Friday, 26 March 2010

Better off without unions?

Strikes are back in the UK news. Last year postal workers disrupted daily life by not delivering our post, then BA cabin crew disrupted holidays and business flights, now it seems that rail workers feel they are being treated unfairly and may come out on strike over Easter. When I say rail workers, I really mean their union. Because that's what happens when unions aren’t happy.

What is most striking (sorry) about all of this is that we are still in the deepest recession for 60 years. A recession in which many people have lost their jobs, a recession in which many businesses have had to rethink how they operate, and a recession that has caused a great deal of hardship. I’m not saying that mistreated workers should shut up and put up, what I am saying is that organisations must be allowed to change.

Refusing to come to work because management want to reduce 12-hour shifts is an inappropriate and out-dated way of behaving. Railways, airlines, postal services and most other goods and services are part of the global economy. Which means we all have to compete in a global economy. Which means changing as they world changes. Which is something that unions seem to find difficult.

The independent Hooper Report on the UK’s postal service was entitled “Modernise or Decline.” The report says “there is too much resistance to change at a time when the company must focus relentlessly on meeting the needs of customers.” How many other businesses does that apply to? Many? Most? All? Certainly all those mentioned above, and most organisations that are likely to come out on strike when unions get upset.

So maybe unions are out-dated?

The good of any workforce will only be well served if they work for a strong business. And all strong businesses need to be able to change as circumstances change.

4 comments:

  1. Hmm, I'm not sure unions are outdated, rather that the decision to take drastic action is a sign that the industry is under intense pressure and will almost certainly fail or drag the company under.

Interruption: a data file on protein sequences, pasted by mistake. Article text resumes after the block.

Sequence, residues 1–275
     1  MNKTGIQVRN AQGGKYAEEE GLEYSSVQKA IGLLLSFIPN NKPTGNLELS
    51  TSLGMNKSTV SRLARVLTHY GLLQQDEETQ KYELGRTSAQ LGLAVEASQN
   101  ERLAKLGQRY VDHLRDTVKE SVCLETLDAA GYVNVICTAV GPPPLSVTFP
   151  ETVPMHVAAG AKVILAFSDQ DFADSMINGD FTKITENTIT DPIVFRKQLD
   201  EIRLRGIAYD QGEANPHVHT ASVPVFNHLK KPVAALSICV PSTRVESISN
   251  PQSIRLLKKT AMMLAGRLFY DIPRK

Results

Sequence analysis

I see little distinction between professional organisations and unions, except that the professions are white collar and are sufficiently well-resourced (in skills and finance etc) to function as a self-organizing system, whereas blue-collar workers require centralised organisation but are swimming against the tide of a transition to a high-skills economy so naturally feel marginalised and have a more confrontational approach.

    So I think it does kind of depend on what you see as the primary purpose of a union, and that will largely depend upon which industry they are involved in.

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  2. Your comparison with professional associations is interesting, and one I hadn't previously considered. I normally think of professional associations keeping their members up to date with best practice, and encouraging change rather than holding it back. But maybe that's because I have more experience of them.

    From a number of angles I have been fascinated to see how unions are defended, despite their tactics.

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  3. michael dempsey2 April 2010 at 16:15

    You raise a number of issues here. I hold no brief for RMT because I do think that their current management is far too keen on escalating disputes. They only got a 220 majority for their action on a moderate poll so it wasn't surprising that, if there were defects in it, it could be attacked.